Maha Shivratri, also known as the ‘greatest night of Lord Shiva’, will be celebrated across India on Tuesday. This is one of the most auspicious festivals for the devotees of Lord Shiva. The festival is observed on Chaturdashi Tithi Krishna Paksha (fourteenth day during the waxing phase of the Lunar cycle in the Phalguna month as per the Purnimanta calendar or Magha (as per the Amavasyant calendar).
On this auspicious day, devotees worship Lord Shiva and observe a day-long fast, and the puja is observed during midnight. Devotees also pay an ode to Mahadev and seek his blessings.
Why do we celebrate Maha Shivratri?
Maha Shivratri’s night marks the celebration of the union of Lord Shiva with Goddess Parvati on the 14th day of the dark fortnight in the month of Phalguna. As per Hindu mythology, on this day, Lord Shiva tied the nuptial knot with Goddess Parvati.
Lord Shiva embodies Purusha(mindfulness), whereas Maa Parvati has a persona of Prakriti (nature). With the union of both consciousness and energy, it facilitates creation.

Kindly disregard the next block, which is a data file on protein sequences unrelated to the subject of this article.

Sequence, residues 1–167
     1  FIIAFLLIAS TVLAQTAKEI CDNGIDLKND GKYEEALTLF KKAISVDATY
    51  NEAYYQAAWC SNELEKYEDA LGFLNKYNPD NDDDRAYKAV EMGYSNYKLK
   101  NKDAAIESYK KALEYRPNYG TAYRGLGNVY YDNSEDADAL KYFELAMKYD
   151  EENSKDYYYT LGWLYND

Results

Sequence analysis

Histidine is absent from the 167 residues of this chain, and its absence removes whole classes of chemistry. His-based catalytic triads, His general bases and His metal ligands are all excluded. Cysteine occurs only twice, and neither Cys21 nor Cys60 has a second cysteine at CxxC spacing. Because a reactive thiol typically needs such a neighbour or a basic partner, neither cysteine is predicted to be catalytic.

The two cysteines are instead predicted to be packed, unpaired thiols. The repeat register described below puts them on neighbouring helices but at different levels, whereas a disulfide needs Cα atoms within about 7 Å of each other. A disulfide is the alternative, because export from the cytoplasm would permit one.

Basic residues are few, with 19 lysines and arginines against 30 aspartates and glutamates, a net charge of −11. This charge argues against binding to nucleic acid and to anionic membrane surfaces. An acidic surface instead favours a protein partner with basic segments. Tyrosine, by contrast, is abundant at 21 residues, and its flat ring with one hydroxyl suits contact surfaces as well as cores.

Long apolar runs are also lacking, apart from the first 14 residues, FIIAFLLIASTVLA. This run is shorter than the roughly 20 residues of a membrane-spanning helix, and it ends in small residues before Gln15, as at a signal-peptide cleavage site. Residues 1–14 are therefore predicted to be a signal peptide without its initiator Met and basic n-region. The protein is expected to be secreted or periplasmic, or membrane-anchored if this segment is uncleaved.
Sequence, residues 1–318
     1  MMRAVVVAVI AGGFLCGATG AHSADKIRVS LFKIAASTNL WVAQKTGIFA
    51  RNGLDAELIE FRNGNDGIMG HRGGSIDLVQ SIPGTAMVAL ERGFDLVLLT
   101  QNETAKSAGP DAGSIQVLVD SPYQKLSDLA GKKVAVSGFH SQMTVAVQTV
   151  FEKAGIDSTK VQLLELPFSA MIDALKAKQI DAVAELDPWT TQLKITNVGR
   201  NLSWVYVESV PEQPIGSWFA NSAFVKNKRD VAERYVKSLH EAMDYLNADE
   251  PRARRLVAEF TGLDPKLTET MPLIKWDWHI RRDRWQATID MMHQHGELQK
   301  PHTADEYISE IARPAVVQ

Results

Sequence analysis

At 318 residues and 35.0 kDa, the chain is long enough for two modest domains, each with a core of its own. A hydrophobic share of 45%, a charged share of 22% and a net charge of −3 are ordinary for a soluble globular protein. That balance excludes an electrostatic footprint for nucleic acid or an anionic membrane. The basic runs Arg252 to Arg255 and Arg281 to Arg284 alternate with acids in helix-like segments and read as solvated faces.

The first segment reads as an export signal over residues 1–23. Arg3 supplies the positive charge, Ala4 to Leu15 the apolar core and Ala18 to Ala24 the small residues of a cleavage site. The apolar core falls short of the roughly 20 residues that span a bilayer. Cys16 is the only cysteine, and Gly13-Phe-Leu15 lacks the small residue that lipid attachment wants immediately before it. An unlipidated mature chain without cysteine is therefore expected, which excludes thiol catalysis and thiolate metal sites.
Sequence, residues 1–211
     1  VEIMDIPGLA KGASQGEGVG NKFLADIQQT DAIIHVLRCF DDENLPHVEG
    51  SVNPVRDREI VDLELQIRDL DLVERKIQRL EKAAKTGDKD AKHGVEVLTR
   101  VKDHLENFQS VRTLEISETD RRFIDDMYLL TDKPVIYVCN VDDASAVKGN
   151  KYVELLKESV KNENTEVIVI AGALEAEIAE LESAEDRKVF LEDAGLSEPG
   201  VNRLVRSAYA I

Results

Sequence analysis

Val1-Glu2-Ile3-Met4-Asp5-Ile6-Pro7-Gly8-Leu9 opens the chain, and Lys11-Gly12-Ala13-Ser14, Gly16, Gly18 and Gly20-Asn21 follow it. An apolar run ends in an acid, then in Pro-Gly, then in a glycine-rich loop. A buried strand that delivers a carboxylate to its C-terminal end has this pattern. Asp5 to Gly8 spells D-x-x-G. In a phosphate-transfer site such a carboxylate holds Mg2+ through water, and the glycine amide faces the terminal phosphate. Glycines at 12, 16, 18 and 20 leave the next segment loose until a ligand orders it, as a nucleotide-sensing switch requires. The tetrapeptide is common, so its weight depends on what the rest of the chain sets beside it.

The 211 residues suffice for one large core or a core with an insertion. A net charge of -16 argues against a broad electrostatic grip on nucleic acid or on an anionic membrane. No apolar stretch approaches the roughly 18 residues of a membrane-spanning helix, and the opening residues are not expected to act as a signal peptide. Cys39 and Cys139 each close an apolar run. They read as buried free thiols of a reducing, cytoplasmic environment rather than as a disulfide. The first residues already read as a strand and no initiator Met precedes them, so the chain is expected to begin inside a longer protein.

As per Hinduism, Lord Shiva on this night, Lord Shiva performs his heavenly dance of preservation, creation, and destruction, also known as ‘tandav’.
On this day, Devotees observe a day-long fast, and pujas are performed in Shiv temples across the globe. Devotees usually offer milk to the Shiv ling and pray for moksha. Apart from that, devotees offer prayers the whole night and also chant mantras in praise of Lord Shiva. Women also pray to get blessed with a good husband and a happy married life.
It is believed that Maha Shivratri fast reminds devotees that pride, ego, and falsehood will only lead to one’s downfall.